• Saltwater Crocodile
    • IUCN Red List- Least Concern
    • CITES -Appendix I
    • Wildlife Protection Act, 1972 Schedule I

The Manipur Brow-antlered Deer Project

This was begun in Manipur in 1981 to protect the critically endangered brow-antlered deer (Cerevus eldi eldi).

  • Manipur’s national animal is the sangria, also known as the brow-antlered deer.
  • In the winter, the animal’s coat is a deep reddish brown color, whereas in the summer it is much paler.
  • These creatures were formerly widely dispersed over ecosystems in south and southeast Asia. They are native to Cambodia, China, India, Laos, and Myanmar.
  • Deer habitat can range from shrubland and grassland to dry woods and wetlands, depending on the country.Only the renowned Loktak Lake in Manipur is home to these creatures.
  • Hunting presents an extra difficulty in Manipur, where habitat loss has been a problem for the conservation of this deer on a global scale.

Conservation Status

  • Endangered according to the IUCN Red List.
  • WPA 1972: Schedule-I
  • CITES Appendix I

Project Himalayan Musk Deer

This was launched in 1981 to protect the threatened and nearly extinct musk deer. Positive results have been seen through captive breeding.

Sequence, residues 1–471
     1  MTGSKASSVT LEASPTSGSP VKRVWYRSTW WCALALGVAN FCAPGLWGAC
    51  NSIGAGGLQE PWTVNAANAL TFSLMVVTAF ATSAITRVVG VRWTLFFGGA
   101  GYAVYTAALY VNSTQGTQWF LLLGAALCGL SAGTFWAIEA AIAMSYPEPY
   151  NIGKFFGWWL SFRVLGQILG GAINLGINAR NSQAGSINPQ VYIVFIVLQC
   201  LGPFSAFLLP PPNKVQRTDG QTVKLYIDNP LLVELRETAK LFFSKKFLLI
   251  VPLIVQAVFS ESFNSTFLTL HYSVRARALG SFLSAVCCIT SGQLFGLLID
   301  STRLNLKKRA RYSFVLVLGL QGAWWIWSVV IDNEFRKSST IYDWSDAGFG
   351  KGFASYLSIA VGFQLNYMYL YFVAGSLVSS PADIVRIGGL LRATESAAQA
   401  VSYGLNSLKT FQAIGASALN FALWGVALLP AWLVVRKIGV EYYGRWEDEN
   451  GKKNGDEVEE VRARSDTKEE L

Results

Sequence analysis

Man has hunted the musk deer, which was once common throughout the Himalayas, in order to use its musk to make perfumes and medicines. This led to a sharp decline in its population, which was exacerbated by habitat deterioration. Under the International Union for Conservation of Nature (IUCN) and Natural Resources’ Endangered Deer Programme, a conservation project was launched at the Kedarnath sanctuary in Uttar Pradesh (now Uttarakhand) with the help of the Government of India.

Conservation Status

  • It is under lower risk (near threatened) status of the IUCN Red List of threatened species
  • Appendix I of Convention on International Trade of Endangered flora and fauna (CITES)
  • Protected species of National Parks and Wildlife Conservation Act, 1973, Nepal (HMG/Nepal 2002).

The Gir Lion Sanctuary Project